Savra's brother and a former bounty hunter. But when Savra and Szadek began being giant buttholes he opposed his twin. When she eventually got crushed (possibly lit on fire, torn limb from limb, eaten, and whatever else we don't wanna know that Rakdos did,) Jarad took control of the swarm. Later was kiled in a Rakdos blood ritual involving a child of his, but being a Golgari and an elf of course he knew necromancy (which must be step one for being in the Golgari swarm to start, unless you're a giant beetle,) he possessed his own corpse and didn't let death slow him down, LIKE A BOSS. In card form he gets stronger for every creature card in the graveyard, and can also pay mana and *BLAM* one of his own dudes to make your opponent lose life. Finally by sacrificing land he can return to your hand from the graveyard, because you can't keep a good Elf(possibly zombie, possibly plant-zombie,) down.
Varolz, The Scar Striped
Being a giant swarm of zombies (possibly plant-zombies) there aren't a whole lot of indviduals in the Golgari Swarm (and considering the number of dead Guild Masters it might pay to blend in.) But the implicit maze was discovered and there was no way the Golgari were passing that prize up, so in went Varolz.
Varolz is a 12-15 foot tall troll (making him possibly tied for largest guild runner with Ruric Thar, but Ruric Thar is more interested in crumping fools with his axe then measuring stuff, LIKE A REAL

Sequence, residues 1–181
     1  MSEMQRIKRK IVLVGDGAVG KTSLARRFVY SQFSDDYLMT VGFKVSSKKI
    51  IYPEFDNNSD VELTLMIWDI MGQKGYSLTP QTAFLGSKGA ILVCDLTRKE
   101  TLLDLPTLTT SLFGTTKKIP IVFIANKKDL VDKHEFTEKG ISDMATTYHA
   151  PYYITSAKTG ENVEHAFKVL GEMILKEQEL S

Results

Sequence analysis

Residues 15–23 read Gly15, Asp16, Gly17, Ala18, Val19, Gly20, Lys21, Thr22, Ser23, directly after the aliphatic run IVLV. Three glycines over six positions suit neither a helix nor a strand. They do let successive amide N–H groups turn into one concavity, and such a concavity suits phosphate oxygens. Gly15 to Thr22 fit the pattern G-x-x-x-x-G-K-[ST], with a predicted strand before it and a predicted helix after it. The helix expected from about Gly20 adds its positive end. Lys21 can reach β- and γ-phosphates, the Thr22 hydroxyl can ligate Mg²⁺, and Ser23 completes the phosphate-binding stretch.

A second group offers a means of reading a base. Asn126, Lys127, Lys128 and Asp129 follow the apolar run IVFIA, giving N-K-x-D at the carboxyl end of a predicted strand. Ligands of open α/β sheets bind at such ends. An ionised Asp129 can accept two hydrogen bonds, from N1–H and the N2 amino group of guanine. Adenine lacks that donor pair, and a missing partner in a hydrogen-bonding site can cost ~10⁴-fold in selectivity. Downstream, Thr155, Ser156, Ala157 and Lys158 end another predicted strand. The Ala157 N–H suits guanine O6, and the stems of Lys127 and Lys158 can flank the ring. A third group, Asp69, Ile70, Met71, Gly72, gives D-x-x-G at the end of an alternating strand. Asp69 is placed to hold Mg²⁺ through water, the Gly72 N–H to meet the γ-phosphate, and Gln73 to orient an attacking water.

MAN OGRE!) Varolz has a parasitical fungus that heals his wounds, making him a tough cookie in a race of tough cookies (theoretically.) Oh, he didn't do shit. He did reach the end and was fighting the other maze runners, but other than that he just ran through like everybody and killed everybody in his way. (Hmm, maybe him and Ruric Thar would get along.)
In card form he is notable for some next-level cheese. He can scavenge any creature in his graveyard for their CMC. Combine with some one-drop creatures that have a power of 12-or-13, and you pay one black mana to put 13 +1/+1 COUNTERS ON ANY CREATURE! Even that unblock-able infect creature? Even that unblock-able infect creature. Defense-wise he's a joke though, every other troll in the game can crump his head easily, since he needs to sacrifice a creature to regenerate and only has a 2/2 body to back it up.
Dredge is one of the most powerful key word mechanics in M:tG. A small entry here is not able to do justice to the influence it had, and continues to have, on the metagame and ban lists of multiple formats.